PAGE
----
One of my grad school courses is all about how to assess your students. As this is part of a Master's in TESOL program, the course focuses on how to assess speakers of English as a second language in terms of their reading, listening, speaking, and writing abilities. The course spends a lot of time focusing on the importance of providing quality corrective feedback. One of the things the course stresses is that simply marking answers as correct or incorrect and giving a letter or numerical score doesn't do much to actually help students learn. A good teacher should explain what the student did wrong and how to fix it, in addition to providing positive feedback about the specific things the student has done well. General comments such as 'good job' or 'awkward' don't go far towards helping students know what was done well or what was awkward and why. I'm sure we all agree with this (in theory).
Then reality hits.
I am only grading for one undergrad class, but it has four sections and over a hundred students. I've taught over one hundred students at one time before, but as they've always been in separate classes I could often (although not always) make sure I didn't have a hundred assignments to grade all at once. When you have such a large number of assignments to grade, whether you're a graduate assistant grading for huge undergraduate courses at a large university, a public school teacher teaching five classes of thirty students, or teaching English in a private language institute in Korea teaching ten classes of ten to fifteen students, the reality is that you are going to spend a lot of time grading.
I don't have too much say in how the assignments that I grade are graded; I'm just a lowly grading assistant after all. The grading rubric is established by the course's instructor, and I am responsible for adhering to the established rubric for each assignment. The one thing that is left up to me is what sort of feedback I provide. In theory, I could comment on each student's assignment, providing detailed information on what they've done well and what needs improvement... but I have something like thirty assignments to grade, multiplied by one hundred and eleven students. Even if I weren't also a full-time student myself, I don't think it would be possible for me to leave quality feedback on every assignment and still manage to finish grading everything before the end of the semester.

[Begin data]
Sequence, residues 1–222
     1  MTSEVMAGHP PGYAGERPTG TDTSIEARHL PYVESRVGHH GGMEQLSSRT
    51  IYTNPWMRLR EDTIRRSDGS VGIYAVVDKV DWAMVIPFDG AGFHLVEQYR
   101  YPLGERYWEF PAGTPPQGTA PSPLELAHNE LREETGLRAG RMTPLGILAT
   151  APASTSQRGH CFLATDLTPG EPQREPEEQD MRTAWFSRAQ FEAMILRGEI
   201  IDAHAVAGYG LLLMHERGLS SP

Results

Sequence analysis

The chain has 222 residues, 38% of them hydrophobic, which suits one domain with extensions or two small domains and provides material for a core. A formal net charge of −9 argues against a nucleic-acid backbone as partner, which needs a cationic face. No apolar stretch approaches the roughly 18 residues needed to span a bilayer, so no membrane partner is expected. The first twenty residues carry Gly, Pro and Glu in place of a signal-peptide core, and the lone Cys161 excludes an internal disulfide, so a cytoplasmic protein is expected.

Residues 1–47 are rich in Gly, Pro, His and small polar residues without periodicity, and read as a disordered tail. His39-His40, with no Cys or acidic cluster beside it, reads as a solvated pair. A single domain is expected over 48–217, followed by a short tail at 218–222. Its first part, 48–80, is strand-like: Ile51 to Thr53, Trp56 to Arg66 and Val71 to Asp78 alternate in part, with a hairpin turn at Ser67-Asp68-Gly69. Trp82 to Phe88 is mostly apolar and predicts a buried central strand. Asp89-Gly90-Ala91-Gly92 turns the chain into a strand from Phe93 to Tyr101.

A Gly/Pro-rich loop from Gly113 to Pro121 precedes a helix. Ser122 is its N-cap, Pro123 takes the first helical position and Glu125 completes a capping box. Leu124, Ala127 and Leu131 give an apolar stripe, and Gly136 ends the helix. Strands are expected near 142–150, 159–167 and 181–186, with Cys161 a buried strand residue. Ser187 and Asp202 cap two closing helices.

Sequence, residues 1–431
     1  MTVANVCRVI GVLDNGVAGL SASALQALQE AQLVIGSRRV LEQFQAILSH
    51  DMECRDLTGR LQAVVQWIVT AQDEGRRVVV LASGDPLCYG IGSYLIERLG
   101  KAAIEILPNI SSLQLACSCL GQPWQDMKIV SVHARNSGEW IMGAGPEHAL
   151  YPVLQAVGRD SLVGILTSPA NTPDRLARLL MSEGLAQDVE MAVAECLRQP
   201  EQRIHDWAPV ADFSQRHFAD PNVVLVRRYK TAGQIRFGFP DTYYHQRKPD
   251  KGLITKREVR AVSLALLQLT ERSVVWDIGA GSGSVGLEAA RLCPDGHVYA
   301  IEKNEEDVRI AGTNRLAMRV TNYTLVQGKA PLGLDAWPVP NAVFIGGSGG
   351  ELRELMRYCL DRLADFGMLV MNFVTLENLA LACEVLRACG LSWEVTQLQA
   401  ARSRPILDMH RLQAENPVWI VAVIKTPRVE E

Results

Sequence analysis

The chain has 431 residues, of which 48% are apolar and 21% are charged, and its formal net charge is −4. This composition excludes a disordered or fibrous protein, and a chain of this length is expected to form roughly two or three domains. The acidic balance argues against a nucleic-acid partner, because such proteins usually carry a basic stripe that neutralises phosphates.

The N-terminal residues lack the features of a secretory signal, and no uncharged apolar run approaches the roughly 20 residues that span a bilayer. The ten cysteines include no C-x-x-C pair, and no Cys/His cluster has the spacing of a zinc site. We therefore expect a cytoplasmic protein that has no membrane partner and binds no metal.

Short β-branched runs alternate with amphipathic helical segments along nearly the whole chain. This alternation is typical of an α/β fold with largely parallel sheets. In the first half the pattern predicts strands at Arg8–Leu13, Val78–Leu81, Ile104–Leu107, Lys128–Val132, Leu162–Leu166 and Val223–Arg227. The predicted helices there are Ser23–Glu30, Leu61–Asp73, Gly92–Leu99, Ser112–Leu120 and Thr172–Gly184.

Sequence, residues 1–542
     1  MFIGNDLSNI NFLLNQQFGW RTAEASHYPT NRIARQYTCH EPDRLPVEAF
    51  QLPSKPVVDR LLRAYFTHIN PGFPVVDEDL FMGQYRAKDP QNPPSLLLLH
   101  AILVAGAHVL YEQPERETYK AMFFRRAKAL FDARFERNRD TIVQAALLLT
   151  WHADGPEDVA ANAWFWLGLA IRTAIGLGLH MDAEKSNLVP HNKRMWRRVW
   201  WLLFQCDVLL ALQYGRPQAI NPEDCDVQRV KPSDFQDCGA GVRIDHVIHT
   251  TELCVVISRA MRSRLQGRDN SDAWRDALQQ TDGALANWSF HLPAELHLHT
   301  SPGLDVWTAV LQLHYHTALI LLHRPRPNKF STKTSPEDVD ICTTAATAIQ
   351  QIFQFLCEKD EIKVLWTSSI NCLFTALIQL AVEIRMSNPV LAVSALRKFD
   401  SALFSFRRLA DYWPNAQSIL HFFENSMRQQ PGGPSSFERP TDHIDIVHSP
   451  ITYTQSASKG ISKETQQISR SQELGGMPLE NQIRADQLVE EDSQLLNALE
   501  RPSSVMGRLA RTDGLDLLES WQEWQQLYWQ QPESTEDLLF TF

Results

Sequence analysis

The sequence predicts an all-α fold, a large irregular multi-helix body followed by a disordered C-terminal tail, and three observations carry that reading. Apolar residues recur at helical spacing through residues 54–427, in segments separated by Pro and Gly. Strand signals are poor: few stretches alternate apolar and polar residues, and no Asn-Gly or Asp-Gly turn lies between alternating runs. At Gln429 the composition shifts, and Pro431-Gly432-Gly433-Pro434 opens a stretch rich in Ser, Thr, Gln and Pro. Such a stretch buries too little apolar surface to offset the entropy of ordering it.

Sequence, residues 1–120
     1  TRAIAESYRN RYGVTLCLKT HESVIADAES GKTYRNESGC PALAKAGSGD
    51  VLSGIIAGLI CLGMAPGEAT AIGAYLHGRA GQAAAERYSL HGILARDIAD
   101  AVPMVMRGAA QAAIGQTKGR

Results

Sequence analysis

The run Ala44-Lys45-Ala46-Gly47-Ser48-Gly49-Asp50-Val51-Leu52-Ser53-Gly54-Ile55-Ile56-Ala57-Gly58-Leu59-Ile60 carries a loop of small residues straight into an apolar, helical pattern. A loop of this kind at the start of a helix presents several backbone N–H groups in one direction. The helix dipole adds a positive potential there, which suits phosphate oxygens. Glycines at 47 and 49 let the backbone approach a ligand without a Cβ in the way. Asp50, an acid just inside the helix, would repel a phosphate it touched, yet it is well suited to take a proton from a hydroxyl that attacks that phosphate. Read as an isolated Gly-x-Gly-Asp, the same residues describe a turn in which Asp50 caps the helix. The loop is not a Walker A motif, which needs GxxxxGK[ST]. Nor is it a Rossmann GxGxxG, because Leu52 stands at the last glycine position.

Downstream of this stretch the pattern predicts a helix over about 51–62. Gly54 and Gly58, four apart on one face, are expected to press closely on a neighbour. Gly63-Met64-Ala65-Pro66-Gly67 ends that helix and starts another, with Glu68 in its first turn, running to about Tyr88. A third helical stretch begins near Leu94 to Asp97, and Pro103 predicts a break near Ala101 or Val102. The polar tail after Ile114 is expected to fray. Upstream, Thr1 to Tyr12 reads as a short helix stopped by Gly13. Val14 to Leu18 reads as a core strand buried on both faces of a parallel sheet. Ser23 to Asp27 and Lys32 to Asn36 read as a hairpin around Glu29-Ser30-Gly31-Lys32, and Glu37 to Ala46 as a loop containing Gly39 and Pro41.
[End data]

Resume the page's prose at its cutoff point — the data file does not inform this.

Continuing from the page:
Because of this, it seems that the students who hear from me the most are the worst ones in the course. They hear from me the most because whenever students lose points from an assignment, I am required to email them and explain why (although the length and depth of the explanation is up to me). I could totally get away with messages like "I deducted 3 points from your score because your explanation of X was incorrect" - but I don't. I've been trying my best to explain to my students not merely what they lost points for, but why what they did was incorrect as well as what the correct answer should have been and why. As you might imagine, this takes a lot of time.
Due to the way the grading rubrics have been established for most of the assignments that I grade, doing the bare minimum and going the extra mile earn my students the same number of points. That's an entirely different can of worms that I'm not entirely sure I want to get into here on this semi-public blog. However, I mention it because it is relevant to this topic. It bugs me that a student who does the bare minimum gets the same score as a student who has obviously put a lot of time and effort into his or her work. I've tried to encourage those who have gone the extra mile by giving them extra praise. Unfortunately, for the most part this 'extra praise' tends to consist merely of banal statements like 'Great job!' and 'Excellent work!' instead of detailed descriptions of what it was that I thought was done well. Sigh.
And those poor students in the middle of the pack? They hardly ever hear from me. I feel somewhat guilty about this, but can't come up with a practical solution. (And to any of those people who think class size doesn't matter, let this be one of an innumerable number of possible examples as to why it most definitely matters!)